Young Adults – With Disabilities and Without – Bond Over Dance

UNO game

For many children and young adults with intellectual disabilities in Tanzania, opportunities to interact and form meaningful relationships with their peers without disabilities are few and far between.

But the staff at Building a Caring Community (BCC) are working to change that.

They’ve recently begun to build a partnership with KIWOCE, a local community-based organization for young adults, which will provide people served an opportunity to make new friends and get out in the community. The partnership will also help normalize intellectual disability in the minds of young adults without disabilities in Moshi.

KIWOCE provides formal education for students, but also teaches life skills and organizes social groups. People served by BCC will regularly meet with KIWOCE students who participate in the organization’s community engagement program.

KIWOCE and BCC hosted their first inclusive community engagement session at the end of March. Roughly 20 people served by BCC and 20 KIWOCE students met for an afternoon of activities.

By the end of the day, all of the coordinators were blown away by how well the two groups got along. The KIWOCE teachers said they were shocked by how outgoing and social their usually reserved students were.

BCC’s young adults had a blast showing off the center to their new friends, and both groups discovered they had one favorite pastime in common – dancing! Blaring music and sharing dance moves officially broke down any barriers between the two groups.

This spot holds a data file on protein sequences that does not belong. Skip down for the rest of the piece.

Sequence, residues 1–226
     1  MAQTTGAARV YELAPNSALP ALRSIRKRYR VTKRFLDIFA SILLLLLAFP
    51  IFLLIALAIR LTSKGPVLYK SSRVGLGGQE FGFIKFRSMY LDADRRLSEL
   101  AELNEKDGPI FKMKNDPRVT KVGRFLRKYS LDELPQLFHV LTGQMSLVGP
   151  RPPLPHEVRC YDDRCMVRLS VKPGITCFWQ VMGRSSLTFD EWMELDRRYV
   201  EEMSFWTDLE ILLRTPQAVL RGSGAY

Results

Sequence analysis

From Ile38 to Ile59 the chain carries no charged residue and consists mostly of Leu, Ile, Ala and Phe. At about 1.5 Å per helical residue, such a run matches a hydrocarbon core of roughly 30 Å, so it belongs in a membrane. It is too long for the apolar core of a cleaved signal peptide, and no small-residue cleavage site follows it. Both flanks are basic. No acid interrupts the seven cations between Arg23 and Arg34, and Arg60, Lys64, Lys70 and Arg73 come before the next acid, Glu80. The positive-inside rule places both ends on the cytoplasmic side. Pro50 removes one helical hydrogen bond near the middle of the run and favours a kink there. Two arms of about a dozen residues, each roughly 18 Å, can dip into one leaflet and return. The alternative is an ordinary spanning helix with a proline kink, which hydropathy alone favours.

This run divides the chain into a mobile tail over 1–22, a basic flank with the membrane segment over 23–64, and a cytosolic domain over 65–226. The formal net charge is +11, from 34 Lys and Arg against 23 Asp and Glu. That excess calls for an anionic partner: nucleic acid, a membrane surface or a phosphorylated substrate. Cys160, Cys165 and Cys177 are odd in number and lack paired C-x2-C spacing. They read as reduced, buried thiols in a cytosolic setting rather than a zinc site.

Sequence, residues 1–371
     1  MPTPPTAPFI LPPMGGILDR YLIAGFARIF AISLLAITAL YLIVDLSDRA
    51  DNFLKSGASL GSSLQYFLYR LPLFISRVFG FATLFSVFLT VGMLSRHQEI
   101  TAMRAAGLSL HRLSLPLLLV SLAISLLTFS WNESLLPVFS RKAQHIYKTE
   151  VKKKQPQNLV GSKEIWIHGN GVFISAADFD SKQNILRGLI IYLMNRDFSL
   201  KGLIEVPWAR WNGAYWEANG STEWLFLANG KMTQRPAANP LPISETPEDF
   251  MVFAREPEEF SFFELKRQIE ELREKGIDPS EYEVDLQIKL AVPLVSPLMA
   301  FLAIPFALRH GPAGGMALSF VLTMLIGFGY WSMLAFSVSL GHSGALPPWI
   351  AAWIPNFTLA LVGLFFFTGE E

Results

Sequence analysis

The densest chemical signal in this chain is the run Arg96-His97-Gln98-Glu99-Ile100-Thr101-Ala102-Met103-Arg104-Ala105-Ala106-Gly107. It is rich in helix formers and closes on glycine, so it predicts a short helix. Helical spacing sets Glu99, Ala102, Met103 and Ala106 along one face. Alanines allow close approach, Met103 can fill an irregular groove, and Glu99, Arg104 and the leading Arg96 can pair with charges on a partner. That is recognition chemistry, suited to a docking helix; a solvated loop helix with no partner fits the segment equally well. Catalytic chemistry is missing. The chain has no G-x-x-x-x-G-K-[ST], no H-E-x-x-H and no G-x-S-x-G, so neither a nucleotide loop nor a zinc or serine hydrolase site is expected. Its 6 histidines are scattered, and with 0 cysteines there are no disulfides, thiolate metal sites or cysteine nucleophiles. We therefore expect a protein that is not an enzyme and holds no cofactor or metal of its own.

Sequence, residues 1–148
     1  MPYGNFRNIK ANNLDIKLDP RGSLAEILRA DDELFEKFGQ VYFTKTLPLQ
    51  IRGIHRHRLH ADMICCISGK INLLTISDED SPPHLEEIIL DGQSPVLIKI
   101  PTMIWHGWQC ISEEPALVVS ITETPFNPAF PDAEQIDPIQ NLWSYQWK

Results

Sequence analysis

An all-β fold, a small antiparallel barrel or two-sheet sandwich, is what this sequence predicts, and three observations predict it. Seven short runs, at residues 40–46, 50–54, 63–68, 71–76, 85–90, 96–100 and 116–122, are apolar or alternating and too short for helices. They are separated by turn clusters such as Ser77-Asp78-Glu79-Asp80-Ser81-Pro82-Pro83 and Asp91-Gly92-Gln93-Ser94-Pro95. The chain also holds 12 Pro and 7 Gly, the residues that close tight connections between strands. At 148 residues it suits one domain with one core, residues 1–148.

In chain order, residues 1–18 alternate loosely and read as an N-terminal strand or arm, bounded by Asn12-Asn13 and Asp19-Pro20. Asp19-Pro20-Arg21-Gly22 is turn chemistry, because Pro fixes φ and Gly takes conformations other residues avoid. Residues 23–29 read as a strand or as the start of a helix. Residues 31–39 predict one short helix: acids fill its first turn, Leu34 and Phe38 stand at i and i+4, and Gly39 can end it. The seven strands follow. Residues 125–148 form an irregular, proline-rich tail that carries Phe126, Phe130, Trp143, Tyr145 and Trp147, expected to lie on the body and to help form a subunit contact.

One individual served and KIWOCE student realized they were neighbors, but had never spoken or interacted. Though communities are typically very close-knit in Tanzania, people with disabilities are often not included in these social networks.

After the groups spent a couple of hours together, BCC staff debriefed with the KIWOCE students to better understand their first impressions of the session.

BCC received only positive feedback from the students, and in some cases, the lasting impact of the first session was already evident. One student shared that it is common for fathers to leave their families if a child with a disability is born. However, based on his experience with people served by BCC, he knows that he would stay with his family if he were to have a disabled child.

Having this kind of impact so early on in the partnership was certainly rewarding.

Ultimately, BCC’s partnership with KIWOCE aims to bridge the social gap and ensure that young adults with disabilities are able to interact and form meaningful relationships with the people around them.

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